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‘Rillington Place’ is Chilling
October 5, 2017  | By David Hinckley  | 1 comment
 

Rillington Place marches through the bleak, overcast of post-war London to a conclusion we don’t like and can’t change.

Available beginning Thursday on the streaming service Sundance Now, Rillington Place, based on a true story, is solid, well-produced, well-acted drama. Uplifting, no, that it is not.

Tim Roth (top) stars as John Reginald Christie, a constable with the London police who moonlights as a serial killer.  

This British miniseries, which includes just three hour-long episodes, traces the way he is able to manipulate other people and the system to shift the blame to his upstairs neighbor, unsuspecting Timothy Evans (Nico Mirallegro, left).

The process is chilling to watch, though not as chilling as the outcome.

Roth does a fine job capturing Christie’s low-key, almost nondescript public persona, both in appearance and in action. We only get his cunning and manipulative side, never mind his psychotic killer side, in tiny glimpses.

Nor does his wife Ethel (Samantha Morton, top) see his darkest side, though she certainly sees and ignores multiple signs that he’s hiding more than he’s revealing.

Before the war, he disappeared for nine years. He was just gone. When he returns, informing her in a letter, she’s annoyed but willing to accept his minimal explanation that he was “ashamed” of himself.

In truth, she probably takes “Reg” back because she has no better option. Still, once she’s taken that course, she must also overlook other things, like his temper and his sneaking out at night to see another woman and the way he sometimes comes home looking like he just lost a dustup at the local pub.

She has our sympathy. By remaining silent, she also starts becoming an unwitting enabler.  

The series is framed so each episode focuses on the perspective of one character. That gives us a better idea why they each make the decisions they do, even if in hindsight those decisions don’t always look wise.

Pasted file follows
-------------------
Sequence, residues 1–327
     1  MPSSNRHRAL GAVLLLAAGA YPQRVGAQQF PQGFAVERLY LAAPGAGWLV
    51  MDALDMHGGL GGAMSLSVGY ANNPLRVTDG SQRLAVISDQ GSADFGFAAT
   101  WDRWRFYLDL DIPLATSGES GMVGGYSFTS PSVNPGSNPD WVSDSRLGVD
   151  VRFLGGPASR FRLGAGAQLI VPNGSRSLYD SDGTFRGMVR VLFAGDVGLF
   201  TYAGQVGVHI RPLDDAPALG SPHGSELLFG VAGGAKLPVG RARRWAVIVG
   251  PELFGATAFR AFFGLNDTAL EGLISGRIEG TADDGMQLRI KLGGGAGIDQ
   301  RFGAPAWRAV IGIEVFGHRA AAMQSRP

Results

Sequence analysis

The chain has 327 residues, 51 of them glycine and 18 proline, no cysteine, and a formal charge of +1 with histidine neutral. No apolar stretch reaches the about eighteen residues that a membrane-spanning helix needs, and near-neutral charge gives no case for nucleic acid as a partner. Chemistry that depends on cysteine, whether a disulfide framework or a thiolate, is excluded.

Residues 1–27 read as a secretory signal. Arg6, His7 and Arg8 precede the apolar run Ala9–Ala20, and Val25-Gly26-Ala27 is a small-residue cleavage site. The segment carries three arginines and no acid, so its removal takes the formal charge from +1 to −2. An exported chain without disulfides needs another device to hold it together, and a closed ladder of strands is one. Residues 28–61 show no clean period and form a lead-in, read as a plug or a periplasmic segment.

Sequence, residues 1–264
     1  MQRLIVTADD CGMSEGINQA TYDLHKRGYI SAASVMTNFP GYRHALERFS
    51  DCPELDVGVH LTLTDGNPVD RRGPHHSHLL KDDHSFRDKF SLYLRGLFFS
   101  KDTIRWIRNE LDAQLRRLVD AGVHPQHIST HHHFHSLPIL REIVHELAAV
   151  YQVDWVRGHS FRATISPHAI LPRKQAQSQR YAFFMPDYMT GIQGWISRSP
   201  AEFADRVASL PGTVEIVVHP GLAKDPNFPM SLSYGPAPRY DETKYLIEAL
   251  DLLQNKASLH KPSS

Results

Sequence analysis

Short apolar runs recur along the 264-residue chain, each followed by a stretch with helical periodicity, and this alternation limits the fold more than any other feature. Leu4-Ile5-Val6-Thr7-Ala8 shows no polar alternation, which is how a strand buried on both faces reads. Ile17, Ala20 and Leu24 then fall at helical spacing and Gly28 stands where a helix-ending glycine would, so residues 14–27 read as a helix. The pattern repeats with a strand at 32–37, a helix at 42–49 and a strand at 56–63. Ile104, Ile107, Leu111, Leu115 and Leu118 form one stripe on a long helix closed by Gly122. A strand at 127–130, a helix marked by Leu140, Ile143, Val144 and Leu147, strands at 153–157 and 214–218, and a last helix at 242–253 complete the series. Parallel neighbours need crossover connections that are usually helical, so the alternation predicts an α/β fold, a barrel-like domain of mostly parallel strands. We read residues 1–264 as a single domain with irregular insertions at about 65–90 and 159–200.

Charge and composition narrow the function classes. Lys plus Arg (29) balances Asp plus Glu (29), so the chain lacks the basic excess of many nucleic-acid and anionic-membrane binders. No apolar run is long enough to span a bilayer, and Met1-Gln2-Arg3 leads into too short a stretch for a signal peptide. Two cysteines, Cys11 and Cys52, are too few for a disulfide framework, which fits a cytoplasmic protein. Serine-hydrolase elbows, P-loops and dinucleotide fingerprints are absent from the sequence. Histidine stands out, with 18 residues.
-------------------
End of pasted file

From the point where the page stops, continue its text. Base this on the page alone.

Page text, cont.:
Rillington Place very smartly doesn’t allow us to forget the general dreariness of life in working-class Britain for the decade after World War II. The German bombing left much of London in rubble, and the toll of the war mandated rationing well into the 1950s.

The Christie flat is cramped and sparse. The small backyard garden always looks dead. The sun never seems to shine.

The average worker had a hard time simply making ends meet, which is the challenge for Timothy and his wife Beryl (Jodie Comer, right) as they move into the flat above the Christies.

It’s largely their financial struggle as new parents that drives them into Christie’s lethal orbit.

As portraits of Britain go, Rillington Place lies closer to Dickens than to Downton Abbey. Roth’s Christie, however, doesn’t seem to be a specific product of Depression, wartime, and post-War London. He’s just a bad man, and the one person in the best position to read the signals chooses either to ignore them or not to act on them.

Britain, collectively, did learn a lesson from the Christie case, after it was over and the only thing that could be fixed was the future. That’s the first and last positive takeaway from the story in Rillington Place.

 
 
 
 
 
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1 Comments
 
 
Joe
David - You should caution people when you recommend a show like Rillington Place on the streaming service Sundance Now - this service has no closed captioning (hard to believe in 2017, but, sadly true).
Oct 8, 2017   |  Reply
 
 
 
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